Are you having problems building return clientele? Clients not re-booking as much as they used to? Clients often times will have simply gotten out of the habit of getting massage. But if most of your clients aren't returning or re-booking, something is not right.
Here's a few suggestions to get you thinking outside the box and getting a different view of some possible reasons.
Receive a massage on your table. Is your room comfortable? Did you feel comfortable getting undressed and on the table? Is your table comfy & cozy? Does it have enough cushion? Is there a big ugly water stain on the ceiling right above the table? (This is how I discovered my ugly ceiling & a creative fix.) Is the room too cold or too hot? Is the massage cream frigid on your skin? Are you staring at dust bunnies and lint balls on the floor under the face cradle?
Receive a massage from a business similar to yours. (For example, if you work in a chiropractor's office, go to another chiropractor's office.) What are other's doing that is different from you? What do you like or dislike about other places? Visiting other businesses can be as much a lesson in what not to do as it is what to do.
Receive a session from a business that is very different from yours.
(If you work in a private practice, get a session from a spa). This can be a great way to think outside the box and open yourself up to other possibilities in your own practice.
Survey clients (with an online, anonymous survey) and ask for their honest feedback.
Often times, clients will feel more comfortable giving feedback anonymously and are more likely to be honest. You might be surprised what you learn.
Take some continuing education classes to get your creative juices flowing.
Don't just signup for any old class because you need some CEU's... find a class that looks inspiring and that will add value to your practice. I've had many clients comment that they love the fact that I am always learning something new. Clients who have been coming to me for years are still surprised when I add fresh techniques to their session - they thought they knew all my tricks!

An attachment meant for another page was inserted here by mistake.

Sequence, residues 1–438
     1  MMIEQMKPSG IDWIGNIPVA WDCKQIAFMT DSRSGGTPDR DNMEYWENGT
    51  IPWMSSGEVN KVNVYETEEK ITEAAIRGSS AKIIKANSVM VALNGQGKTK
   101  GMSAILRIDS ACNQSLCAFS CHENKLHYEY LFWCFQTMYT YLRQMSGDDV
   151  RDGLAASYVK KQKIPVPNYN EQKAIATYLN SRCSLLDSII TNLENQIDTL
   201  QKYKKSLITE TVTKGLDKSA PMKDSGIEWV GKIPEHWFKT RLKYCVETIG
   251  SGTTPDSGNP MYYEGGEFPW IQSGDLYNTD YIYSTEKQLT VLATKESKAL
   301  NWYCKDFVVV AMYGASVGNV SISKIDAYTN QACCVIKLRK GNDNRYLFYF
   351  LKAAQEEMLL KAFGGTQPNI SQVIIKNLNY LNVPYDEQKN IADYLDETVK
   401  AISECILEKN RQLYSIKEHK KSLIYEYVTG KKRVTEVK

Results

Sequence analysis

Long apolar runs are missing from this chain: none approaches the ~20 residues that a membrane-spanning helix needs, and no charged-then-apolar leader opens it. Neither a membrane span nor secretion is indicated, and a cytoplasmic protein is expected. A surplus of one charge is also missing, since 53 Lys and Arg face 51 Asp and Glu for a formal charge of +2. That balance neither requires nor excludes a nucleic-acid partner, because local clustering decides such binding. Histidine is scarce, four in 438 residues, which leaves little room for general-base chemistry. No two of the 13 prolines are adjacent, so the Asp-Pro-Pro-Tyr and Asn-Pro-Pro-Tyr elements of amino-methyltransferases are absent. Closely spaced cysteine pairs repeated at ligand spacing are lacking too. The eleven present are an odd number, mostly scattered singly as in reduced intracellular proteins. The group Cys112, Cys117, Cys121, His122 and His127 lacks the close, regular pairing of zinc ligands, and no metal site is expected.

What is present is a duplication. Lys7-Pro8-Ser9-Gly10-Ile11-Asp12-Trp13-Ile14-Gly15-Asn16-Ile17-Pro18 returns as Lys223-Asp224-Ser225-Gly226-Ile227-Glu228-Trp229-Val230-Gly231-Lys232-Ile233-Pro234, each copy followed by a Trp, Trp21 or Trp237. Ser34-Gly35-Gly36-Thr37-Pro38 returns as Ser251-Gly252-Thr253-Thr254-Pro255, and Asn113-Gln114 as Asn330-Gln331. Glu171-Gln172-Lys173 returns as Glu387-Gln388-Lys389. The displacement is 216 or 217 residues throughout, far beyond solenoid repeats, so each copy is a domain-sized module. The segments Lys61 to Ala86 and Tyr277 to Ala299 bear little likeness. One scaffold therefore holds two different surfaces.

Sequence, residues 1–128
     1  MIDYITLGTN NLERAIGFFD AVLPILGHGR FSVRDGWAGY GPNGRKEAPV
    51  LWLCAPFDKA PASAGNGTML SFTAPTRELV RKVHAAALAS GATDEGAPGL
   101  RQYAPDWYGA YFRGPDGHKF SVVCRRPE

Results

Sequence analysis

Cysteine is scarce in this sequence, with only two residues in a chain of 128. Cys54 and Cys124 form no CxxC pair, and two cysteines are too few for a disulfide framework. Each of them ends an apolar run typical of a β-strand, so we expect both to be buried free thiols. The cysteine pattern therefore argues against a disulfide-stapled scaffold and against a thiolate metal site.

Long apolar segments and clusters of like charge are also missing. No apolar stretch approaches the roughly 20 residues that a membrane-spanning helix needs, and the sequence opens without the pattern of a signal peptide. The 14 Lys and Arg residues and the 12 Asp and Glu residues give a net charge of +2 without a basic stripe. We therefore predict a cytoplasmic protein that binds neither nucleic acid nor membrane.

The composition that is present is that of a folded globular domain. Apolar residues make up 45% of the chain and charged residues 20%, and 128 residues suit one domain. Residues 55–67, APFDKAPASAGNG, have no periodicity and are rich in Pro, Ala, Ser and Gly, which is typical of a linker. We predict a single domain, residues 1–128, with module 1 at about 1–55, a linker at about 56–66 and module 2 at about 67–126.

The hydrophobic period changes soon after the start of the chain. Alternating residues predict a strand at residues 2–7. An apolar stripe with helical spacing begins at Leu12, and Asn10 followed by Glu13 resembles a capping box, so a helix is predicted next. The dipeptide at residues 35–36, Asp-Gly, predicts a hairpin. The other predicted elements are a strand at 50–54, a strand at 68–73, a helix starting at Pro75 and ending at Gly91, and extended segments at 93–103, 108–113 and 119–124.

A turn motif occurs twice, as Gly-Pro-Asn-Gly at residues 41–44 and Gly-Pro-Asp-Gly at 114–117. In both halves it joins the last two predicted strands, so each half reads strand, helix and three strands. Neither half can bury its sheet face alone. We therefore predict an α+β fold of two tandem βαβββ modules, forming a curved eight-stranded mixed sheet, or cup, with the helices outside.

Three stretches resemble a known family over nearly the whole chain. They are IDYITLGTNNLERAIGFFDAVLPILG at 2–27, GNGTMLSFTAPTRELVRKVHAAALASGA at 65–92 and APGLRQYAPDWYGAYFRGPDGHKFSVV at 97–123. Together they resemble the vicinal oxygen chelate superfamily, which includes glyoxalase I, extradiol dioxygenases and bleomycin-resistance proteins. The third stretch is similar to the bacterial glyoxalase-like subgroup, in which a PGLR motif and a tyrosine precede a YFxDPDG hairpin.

Here's some of the most common reasons clients don't return (in my opinion):
- The therapist talks too much.
Be mindful of your client's body language and non-verbal clues. Are they keeping their answers short... but you keep talking?
Have you communicated (verbally or non-verbally) to your clients that it's OK for them to be silent during their massage? Sometimes, clients just need permission. They might think it's rude to not talk during their massage. Once given permission, they will often be silent and sink into a deeper state of relaxation they didn't know was possible.
- The massage room is too cold.
It's a delicate balance to keep the room cool enough for the therapist, but warm enough for the client. I've received a massage before from a therapist who keeps her room very cool. She keeps a heavy blanket on the client, but the problem is that the body part she is working on is exposed to that cold air, and it's difficult to relax. I haven't gone back.
There are some other ways to ensure the client stays warm enough without making it uncomfortably warm for you. (We'll explore those ideas in a wintertime post.)
- The therapist doesn't deliver the type of massage the client requests.
If your clients are asking for deep tissue, but you have a passion for reiki and therefore "talk them into reiki" or... just perform reiki when they've asked for deep tissue - don't expect them to come back. If this kind of thing is happening a lot, it's a good time to re-evaluate your marketing and make sure you've got a clear target market of clients who are interested in your particular services.
If you've examined the above and don't recognize yourself, yet you're still not getting clients re-booking, there is one last thing to consider as a reason why clients didn't rebook:
Nobody ASKED them to!
What are your thoughts? What do you think are common reasons clients don't return?
*Thanks to fellow therapist Ginger for the idea on this blog topic!